Normalization in DBMS

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Video Tutorial
 Introduction to Normalisation + 1NF and 2NF +examples

Overview

Normalization is the process of organizing the data and the attributes of a database. It is performed to reduce the data redundancy in a database and to ensure that data is stored logically. Data redundancy in DBMS means having the same data but at multiple places. It is necessary to remove data redundancy because it causes anomalies in a database which makes it very hard for a database administrator to maintain it.

Why Do We Need Normalization?

As we have discussed above, normalization is used to reduce data redundancy. It provides a method to remove the following anomalies from the database and bring it to a more consistent state:

A database anomaly is a flaw in the database that occurs because of poor planning and redundancy.

  1. Insertion anomalies: This occurs when we are not able to insert data into a database because some attributes may be missing at the time of insertion.

  2. Updation anomalies: This occurs when the same data items are repeated with the same values and are not linked to each other.

  3. Deletion anomalies: This occurs when deleting one part of the data deletes the other necessary information from the database.

In the next section, we’ll see the types of normal forms in the database.

Normal Forms

There are four types of normal forms that are usually used in relational databases as you can see in the following figure:

Normal Forms

  1. 1NF: A relation is in 1NF if all its attributes have an atomic value.

  2. 2NF: A relation is in 2NF if it is in 1NF and all non-key attributes are fully functional dependent on the candidate key in DBMS.

  3. 3NF: A relation is in 3NF if it is in 2NF and there is no transitive dependency.

  4. BCNF: A relation is in BCNF if it is in 3NF and for every Functional Dependency, LHS is the super key.

To understand the above-mentioned normal forms, we first need to have an understanding of the functional dependencies.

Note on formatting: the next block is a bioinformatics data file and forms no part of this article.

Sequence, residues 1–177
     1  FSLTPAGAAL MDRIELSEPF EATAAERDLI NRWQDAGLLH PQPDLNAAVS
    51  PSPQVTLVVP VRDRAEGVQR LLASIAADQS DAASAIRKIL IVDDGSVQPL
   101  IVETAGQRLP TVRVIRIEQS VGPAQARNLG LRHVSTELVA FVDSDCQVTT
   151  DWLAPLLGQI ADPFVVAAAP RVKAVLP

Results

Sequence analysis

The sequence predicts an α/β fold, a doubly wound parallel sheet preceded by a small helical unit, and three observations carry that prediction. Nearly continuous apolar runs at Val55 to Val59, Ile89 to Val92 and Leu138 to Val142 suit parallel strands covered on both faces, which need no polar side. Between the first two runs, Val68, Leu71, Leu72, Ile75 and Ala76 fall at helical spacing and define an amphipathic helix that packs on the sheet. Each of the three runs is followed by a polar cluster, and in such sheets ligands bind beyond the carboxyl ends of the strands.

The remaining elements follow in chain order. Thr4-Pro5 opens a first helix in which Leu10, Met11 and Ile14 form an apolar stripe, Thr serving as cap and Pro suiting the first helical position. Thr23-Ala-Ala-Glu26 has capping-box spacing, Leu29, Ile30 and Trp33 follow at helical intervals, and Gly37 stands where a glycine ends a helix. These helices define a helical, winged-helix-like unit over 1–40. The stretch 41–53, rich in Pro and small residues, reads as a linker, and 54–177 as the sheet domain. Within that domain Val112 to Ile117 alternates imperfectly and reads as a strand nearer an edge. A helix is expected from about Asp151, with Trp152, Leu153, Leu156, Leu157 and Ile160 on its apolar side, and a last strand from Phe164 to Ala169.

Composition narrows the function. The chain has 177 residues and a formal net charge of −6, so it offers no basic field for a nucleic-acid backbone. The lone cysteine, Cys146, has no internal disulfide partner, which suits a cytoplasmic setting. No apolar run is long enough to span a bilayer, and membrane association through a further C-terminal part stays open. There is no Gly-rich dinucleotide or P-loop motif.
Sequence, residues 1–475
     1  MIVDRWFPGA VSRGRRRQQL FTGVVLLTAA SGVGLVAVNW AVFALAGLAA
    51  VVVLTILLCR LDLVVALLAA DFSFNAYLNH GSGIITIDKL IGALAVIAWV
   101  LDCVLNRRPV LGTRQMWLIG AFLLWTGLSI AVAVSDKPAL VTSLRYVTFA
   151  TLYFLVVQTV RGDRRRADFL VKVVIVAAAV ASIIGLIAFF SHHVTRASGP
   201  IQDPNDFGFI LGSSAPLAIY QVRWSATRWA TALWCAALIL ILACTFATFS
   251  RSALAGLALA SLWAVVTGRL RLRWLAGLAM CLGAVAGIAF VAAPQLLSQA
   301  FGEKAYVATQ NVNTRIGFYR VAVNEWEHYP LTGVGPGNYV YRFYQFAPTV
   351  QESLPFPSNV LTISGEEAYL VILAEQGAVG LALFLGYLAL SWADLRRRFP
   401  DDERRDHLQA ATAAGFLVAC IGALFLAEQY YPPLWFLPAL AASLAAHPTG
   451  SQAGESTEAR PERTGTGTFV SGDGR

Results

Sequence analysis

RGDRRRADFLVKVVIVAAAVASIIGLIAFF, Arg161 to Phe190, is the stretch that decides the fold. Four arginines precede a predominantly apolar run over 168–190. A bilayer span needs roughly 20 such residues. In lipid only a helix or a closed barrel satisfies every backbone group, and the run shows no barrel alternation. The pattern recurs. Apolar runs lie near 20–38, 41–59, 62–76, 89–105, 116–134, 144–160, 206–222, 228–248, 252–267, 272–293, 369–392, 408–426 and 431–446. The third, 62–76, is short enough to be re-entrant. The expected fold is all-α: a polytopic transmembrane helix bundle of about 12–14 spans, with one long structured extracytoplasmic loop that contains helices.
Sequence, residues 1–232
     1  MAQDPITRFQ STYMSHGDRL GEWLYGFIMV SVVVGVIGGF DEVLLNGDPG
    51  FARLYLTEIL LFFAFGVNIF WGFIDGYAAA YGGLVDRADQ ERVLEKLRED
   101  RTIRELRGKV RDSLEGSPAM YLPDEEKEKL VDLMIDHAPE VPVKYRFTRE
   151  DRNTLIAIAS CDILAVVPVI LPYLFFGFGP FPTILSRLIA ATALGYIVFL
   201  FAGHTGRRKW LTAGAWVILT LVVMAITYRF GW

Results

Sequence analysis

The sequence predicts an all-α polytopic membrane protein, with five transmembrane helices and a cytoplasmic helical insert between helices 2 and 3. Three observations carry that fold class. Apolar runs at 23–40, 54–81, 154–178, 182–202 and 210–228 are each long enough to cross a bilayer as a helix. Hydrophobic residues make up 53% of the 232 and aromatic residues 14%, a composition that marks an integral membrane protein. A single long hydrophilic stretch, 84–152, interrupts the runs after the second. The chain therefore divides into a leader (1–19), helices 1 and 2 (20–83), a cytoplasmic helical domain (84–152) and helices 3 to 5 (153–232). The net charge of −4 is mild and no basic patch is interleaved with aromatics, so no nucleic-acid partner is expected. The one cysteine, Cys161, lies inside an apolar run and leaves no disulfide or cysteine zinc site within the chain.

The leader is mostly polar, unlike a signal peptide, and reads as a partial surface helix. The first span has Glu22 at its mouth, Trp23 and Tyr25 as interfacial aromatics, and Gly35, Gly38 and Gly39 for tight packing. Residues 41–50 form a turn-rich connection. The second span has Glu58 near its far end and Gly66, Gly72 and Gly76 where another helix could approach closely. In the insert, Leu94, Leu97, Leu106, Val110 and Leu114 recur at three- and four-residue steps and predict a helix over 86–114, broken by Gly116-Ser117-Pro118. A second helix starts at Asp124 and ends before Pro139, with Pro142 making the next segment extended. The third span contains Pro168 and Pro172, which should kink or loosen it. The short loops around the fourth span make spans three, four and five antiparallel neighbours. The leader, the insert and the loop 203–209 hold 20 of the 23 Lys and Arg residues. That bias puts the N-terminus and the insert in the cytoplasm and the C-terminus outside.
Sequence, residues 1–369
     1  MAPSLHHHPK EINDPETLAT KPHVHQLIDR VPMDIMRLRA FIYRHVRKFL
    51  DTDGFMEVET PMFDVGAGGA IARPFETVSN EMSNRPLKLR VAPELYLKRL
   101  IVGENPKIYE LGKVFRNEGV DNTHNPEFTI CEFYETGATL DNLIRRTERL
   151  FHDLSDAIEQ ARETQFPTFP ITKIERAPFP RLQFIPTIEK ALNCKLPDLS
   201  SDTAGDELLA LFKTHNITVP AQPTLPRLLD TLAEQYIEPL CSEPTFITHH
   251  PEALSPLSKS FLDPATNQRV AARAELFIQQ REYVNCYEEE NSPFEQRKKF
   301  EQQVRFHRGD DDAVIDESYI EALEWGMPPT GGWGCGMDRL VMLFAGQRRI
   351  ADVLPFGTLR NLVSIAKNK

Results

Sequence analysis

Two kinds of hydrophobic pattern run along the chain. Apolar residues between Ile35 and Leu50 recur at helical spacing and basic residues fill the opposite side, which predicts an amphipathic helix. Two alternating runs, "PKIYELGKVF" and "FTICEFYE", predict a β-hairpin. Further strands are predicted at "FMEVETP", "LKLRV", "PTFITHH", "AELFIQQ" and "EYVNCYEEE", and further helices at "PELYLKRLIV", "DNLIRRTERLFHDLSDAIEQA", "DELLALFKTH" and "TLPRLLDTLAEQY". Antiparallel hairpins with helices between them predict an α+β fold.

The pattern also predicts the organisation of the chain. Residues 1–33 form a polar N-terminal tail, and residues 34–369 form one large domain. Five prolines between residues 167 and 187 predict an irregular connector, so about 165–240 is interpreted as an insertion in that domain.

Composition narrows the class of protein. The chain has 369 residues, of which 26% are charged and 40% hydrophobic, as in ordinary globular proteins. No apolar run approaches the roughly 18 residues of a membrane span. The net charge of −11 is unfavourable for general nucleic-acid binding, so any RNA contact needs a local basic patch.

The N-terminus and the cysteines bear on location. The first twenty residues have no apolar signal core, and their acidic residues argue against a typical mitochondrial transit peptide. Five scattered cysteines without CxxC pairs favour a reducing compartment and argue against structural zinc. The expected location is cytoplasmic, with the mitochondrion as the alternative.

Functional dependency is a relationship that exists between two sets of attributes of a relational table where one set of attributes can determine the value of the other set of attributes. It is denoted by X -> Y, where X is called a determinant and Y is called dependent.

There are various levels of normalizations. Let’s go through them one by one:

First Normal Form (1NF)

A relation is in 1NF if every attribute is a single-valued attribute or it does not contain any multi-valued or composite attribute, i.e., every attribute is an atomic attribute. If there is a composite or multi-valued attribute, it violates the 1NF. To solve this, we can create a new row for each of the values of the multi-valued attribute to convert the table into the 1NF.

Let’s take an example of a relational table <EmployeeDetail> that contains the details of the employees of the company.

<EmployeeDetail>

Employee CodeEmployee NameEmployee Phone Number
101John98765623,998234123
101John89023467
102Ryan76213908
103Stephanie98132452

Here, the Employee Phone Number is a multi-valued attribute. So, this relation is not in 1NF.

To convert this table into 1NF, we make new rows with each Employee Phone Number as a new row as shown below:

<EmployeeDetail>

Employee CodeEmployee NameEmployee Phone Number
101John998234123
101John98765623
101John89023467
102Ryan76213908
103Stephanie98132452

Second Normal Form (2NF)

The normalization of 1NF relations to 2NF involves the elimination of partial dependencies. A partial dependency in DBMS exists when any non-prime attributes, i.e., an attribute not a part of the candidate key, is not fully functionally dependent on one of the candidate keys.

For a relational table to be in second normal form, it must satisfy the following rules:

  1. The table must be in first normal form.
  2. It must not contain any partial dependency, i.e., all non-prime attributes are fully functionally dependent on the primary key.

If a partial dependency exists, we can divide the table to remove the partially dependent attributes and move them to some other table where they fit in well.

Let us take an example of the following <EmployeeProjectDetail> table to understand what is partial dependency and how to normalize the table to the second normal form:

<EmployeeProjectDetail>

Employee CodeProject IDEmployee NameProject Name
101P03JohnProject103
101P01JohnProject101
102P04RyanProject104
103P02StephanieProject102

In the above table, the prime attributes of the table are Employee Code and Project ID. We have partial dependencies in this table because Employee Name can be determined by Employee Code and Project Name can be determined by Project ID. Thus, the above relational table violates the rule of 2NF.

The prime attributes in DBMS are those which are part of one or more candidate keys.

To remove partial dependencies from this table and normalize it into second normal form, we can decompose the <EmployeeProjectDetail> table into the following three tables: